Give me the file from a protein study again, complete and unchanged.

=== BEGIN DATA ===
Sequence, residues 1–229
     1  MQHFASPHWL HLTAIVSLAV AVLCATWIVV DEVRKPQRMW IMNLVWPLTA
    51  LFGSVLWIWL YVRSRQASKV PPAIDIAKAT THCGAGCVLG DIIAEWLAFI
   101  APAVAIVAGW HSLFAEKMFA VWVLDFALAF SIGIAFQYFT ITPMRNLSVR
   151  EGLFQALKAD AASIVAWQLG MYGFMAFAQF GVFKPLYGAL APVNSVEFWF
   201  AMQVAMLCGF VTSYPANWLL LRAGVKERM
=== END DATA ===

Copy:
Sequence, residues 1–229
     1  MQHFASPHWL HLTAIVSLAV AVLCATWIVV DEVRKPQRMW IMNLVWPLTA
    51  LFGSVLWIWL YVRSRQASKV PPAIDIAKAT THCGAGCVLG DIIAEWLAFI
   101  APAVAIVAGW HSLFAEKMFA VWVLDFALAF SIGIAFQYFT ITPMRNLSVR
   151  EGLFQALKAD AASIVAWQLG MYGFMAFAQF GVFKPLYGAL APVNSVEFWF
   201  AMQVAMLCGF VTSYPANWLL LRAGVKERM